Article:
Subleased This Week

March 15, 2013

[Mr. Waldrop has been suffering from Daylight Savings Time-related exhaustion. Since he has been unable to write anything this week we are filling this space with three restaurant reviews from The Doing, a weekly newspaper from Dunning, NM, pop.2500.-Eds.]

Prices: $
Wine/Beer: No
Category: Mexican/TexMex

Just as you can’t always judge a book by its cover you can’t always judge a restaurant solely by décor either. At first glance the Taco Bell on the corner of Cerillo and Slate doesn’t look like much. The main floor, which is a dull light gray, is mostly taken up with booths of the same color sporting cushions in a muted shade of aubergine. Our server too didn’t do much to raise expectations, being somewhat lethargic and unable to describe the differences between the different burritos offered. If there was a daily special he didn’t mention it. The open kitchen design helped a little, allowing us to watch both the chef and sous chef at work. It was fascinating seeing them use what appeared to be modified pastry guns to dispense sour cream and guacamole. How the dispensers are made must be a restaurant secret, though, as they were unwilling to discuss them in detail. The food more than made up for the overall poor atmosphere. Several members of our party raved about the tacos, although on a different visit I found the real stars of the menu to be the burritos, with the cantina burrito being a real standout. Playfully combining cheese, black beans, rice, and guacamole (I also opted for chicken on mine) it was grilled, both giving it a satisfying authenticity and metamorphosing the individual ingredients into a tangy, satisfying mélange. The lack of a wine list is also made up for by the free refills on drinks. Taco Bell is also, in spite of the lackluster design, kid-friendly, although the five year-old son of one of our party drank four big cups of Fresca and threw up in the parking lot. The only thing Taco Bell really lacks, foodwise, is a decent dessert menu. The churros were small and bland, although the caramel apple empanadas were passable, perhaps hinting at better items to come in the future.

Prices: $-$$
Wine/Beer: N/A
Category: Italian/American

Sometimes even we professional food critics need a night off. That’s why it’s nice to find a restaurant that delivers. In fact the Pizza Hut on Gold Street only offers delivery and carry-out service. If the name sounds familiar they did at one time have a full-service restaurant on Camino Boulevard. It’s now Mother Lode Pawn. And don’t let the name fool you: Pizza Hut delivers more than just pizza. That’s good because the pizza itself was a little disappointing. The crust was soggy, perhaps from the sauce which, in spite of being nicely tangy and reminiscent of Hungarian goulash, was applied too thickly. We also asked for extra pepperoni, but two or three pieces per pizza slice hardly qualifies as “extra”. The bread sticks too seemed slightly undercooked and, in spite of a coating of parmesan, were bland. The chicken wings, on the other hand, were perfect: crispy on the outside and meaty on the inside. We went for the traditional Buffalo variety, with a sultry smothering of hot sauce, although next time we might get adventurous and try the spicy Asian or even the garlic parmesan varieties. I recommend staying away from the bleu cheese dipping sauce, though, which came in a plastic container. It was thin and had a slight metallic taste. Fortunately I always keep a bottle of my favorite brand in the refrigerator or in my briefcase for emergencies.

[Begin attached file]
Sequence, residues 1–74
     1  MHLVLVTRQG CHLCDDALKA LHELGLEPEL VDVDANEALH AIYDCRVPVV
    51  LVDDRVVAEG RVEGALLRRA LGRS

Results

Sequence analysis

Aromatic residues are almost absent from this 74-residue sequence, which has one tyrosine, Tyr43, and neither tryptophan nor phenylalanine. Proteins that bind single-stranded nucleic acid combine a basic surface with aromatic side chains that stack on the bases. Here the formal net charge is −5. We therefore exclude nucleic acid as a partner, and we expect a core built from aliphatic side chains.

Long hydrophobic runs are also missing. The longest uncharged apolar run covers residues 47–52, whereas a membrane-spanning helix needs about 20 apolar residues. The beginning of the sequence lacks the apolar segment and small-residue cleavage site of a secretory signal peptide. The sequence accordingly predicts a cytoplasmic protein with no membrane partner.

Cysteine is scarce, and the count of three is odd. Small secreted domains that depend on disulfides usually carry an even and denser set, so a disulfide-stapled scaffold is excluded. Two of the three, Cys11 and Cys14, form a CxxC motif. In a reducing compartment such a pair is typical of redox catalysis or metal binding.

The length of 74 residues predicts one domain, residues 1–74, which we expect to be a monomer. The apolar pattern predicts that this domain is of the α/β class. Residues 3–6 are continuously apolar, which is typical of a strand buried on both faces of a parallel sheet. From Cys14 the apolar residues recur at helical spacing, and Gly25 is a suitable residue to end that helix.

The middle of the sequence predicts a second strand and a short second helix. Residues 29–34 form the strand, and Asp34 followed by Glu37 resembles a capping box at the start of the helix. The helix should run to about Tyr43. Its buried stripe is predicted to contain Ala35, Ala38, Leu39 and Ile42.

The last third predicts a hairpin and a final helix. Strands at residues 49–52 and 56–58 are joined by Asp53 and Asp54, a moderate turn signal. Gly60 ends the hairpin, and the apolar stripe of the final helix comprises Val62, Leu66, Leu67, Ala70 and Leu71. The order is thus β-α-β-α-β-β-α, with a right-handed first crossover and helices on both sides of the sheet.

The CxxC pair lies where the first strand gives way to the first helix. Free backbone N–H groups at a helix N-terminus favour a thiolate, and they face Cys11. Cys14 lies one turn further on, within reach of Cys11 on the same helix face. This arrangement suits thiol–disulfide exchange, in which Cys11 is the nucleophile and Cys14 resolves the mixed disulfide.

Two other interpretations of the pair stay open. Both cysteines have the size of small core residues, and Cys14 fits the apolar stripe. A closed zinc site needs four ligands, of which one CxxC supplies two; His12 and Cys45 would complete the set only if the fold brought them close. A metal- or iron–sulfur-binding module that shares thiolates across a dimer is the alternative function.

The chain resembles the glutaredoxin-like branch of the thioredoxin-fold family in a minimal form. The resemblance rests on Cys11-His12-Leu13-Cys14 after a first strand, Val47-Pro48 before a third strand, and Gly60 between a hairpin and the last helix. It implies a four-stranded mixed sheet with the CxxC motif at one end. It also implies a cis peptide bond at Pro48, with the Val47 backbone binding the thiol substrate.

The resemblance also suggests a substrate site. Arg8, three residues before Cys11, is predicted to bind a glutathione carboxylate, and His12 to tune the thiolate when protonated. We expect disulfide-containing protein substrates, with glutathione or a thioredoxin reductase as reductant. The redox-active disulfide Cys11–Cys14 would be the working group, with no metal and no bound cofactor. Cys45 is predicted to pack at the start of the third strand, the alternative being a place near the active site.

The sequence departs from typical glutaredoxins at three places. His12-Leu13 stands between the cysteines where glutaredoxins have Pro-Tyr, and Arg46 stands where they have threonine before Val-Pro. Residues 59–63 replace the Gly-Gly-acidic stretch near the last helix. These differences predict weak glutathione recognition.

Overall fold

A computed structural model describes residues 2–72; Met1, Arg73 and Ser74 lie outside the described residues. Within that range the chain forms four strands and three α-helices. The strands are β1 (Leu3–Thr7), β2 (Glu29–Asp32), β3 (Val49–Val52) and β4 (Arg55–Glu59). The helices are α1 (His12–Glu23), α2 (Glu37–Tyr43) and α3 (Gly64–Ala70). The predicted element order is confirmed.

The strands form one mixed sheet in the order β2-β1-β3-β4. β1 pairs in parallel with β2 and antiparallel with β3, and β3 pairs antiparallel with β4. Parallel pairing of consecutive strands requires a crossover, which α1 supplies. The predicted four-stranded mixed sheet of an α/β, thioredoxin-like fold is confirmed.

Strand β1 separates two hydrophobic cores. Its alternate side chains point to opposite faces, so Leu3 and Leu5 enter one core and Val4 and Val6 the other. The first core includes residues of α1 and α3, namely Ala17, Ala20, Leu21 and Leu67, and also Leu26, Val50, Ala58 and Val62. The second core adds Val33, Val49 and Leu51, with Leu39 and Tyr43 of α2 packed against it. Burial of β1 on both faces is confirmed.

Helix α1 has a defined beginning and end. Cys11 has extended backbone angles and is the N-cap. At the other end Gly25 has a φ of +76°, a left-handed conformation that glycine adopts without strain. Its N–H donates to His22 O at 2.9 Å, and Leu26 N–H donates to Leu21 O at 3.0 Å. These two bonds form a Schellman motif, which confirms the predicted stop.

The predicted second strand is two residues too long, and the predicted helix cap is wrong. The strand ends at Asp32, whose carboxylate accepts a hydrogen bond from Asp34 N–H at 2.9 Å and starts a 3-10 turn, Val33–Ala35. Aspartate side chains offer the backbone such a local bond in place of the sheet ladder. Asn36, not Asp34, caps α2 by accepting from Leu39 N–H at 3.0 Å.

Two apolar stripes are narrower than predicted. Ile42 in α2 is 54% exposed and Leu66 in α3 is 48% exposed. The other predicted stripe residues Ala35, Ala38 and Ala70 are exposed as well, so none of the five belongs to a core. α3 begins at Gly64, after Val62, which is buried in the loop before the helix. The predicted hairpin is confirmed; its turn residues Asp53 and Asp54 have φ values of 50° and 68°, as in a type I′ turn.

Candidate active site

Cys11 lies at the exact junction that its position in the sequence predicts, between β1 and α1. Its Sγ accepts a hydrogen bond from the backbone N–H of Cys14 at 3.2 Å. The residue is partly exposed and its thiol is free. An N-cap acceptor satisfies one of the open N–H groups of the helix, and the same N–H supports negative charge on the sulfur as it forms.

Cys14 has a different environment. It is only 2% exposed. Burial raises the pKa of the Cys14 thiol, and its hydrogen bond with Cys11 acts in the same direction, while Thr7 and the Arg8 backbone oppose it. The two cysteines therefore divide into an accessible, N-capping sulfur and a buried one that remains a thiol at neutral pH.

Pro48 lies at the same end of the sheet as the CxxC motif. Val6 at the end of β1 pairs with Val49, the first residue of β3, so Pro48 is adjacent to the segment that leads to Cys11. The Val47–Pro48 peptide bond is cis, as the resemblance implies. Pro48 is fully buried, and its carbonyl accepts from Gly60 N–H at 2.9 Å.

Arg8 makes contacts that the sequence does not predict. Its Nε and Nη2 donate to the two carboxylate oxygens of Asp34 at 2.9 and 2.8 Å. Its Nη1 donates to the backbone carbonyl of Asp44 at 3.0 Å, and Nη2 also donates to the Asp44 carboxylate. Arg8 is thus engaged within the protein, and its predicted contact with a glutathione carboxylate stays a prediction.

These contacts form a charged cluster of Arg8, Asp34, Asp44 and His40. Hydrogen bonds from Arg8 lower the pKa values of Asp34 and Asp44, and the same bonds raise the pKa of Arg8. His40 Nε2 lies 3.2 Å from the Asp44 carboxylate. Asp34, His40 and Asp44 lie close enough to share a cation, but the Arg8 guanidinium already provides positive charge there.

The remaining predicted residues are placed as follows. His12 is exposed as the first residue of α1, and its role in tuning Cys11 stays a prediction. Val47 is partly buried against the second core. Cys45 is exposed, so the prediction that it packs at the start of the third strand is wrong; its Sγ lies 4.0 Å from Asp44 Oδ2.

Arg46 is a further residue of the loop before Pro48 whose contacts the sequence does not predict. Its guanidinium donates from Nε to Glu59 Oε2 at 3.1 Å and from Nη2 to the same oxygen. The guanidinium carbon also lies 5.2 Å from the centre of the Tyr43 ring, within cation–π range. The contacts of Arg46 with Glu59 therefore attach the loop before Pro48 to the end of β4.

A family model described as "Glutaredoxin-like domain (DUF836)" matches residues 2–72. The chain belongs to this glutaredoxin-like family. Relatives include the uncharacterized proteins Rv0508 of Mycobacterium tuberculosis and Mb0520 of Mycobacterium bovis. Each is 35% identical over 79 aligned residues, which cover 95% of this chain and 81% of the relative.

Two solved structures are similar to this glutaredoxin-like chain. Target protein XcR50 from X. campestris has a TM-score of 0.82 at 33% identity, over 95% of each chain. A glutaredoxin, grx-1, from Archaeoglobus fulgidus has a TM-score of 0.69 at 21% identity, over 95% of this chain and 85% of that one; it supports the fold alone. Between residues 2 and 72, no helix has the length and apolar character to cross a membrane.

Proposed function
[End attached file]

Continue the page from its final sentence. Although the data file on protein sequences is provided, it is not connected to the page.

Prices: N/A
Wine/Beer: BYO (40 cigarette corking fee)
Category: American/Fusion

On Wednesdays I teach a creative writing class at the local correctional institute. Although the cafeteria is mainly for residents only as a food critic I was offered the chance to dine with my class. And the verdict is in: the chefs are guilty of deliciousness. The meatloaf was succulent and chewy, yet soft enough to be eaten with the spoon that was the only utensil I had. The accompanying mashed potatoes and gravy were also excellent, with subtle hints of smokiness and garlic. A side slice of corn bread was a little dry and, when placed next to the other fare, seemed slightly pedestrian, but added a nice balance of flavors. There was also a vegetarian meal on offer: creamed corn, creamed spinach, and chipped beef on toast. That last item is the subject of a pending lawsuit, but still should not be missed. An old joke I remembered from grade school about chipped beef and circumcisions went over well with the other diners, but we also all agreed that it was excellent: creamy and flavorful, and had a palate-pleasing kick of tarragon in it. The only downside was the toast itself which was hard enough to be used as a shiv. The cafeteria-style serving doesn’t lend itself well to sharing, but I did notice a couple of discreet exchanges of trays, presumably so diners who missed the last serving of chili, which was not overly spicy but had a nice tomato base reminiscent of Hungarian goulash, could at least try it. The apple juice which was the only available beverage was also nothing to write home about, although I understand it can be made into an intriguing cider, which I hope to sample on a subsequent visit. However the best part of the meal was the dessert. I’d like to thank our server, Ferret, who allowed me an additional serving of the tapioca pudding. It was good enough to make me a repeat offender!

Facebook Comments

Leave a Comment

Your email address will not be published. Required fields are marked *

CommentLuv badge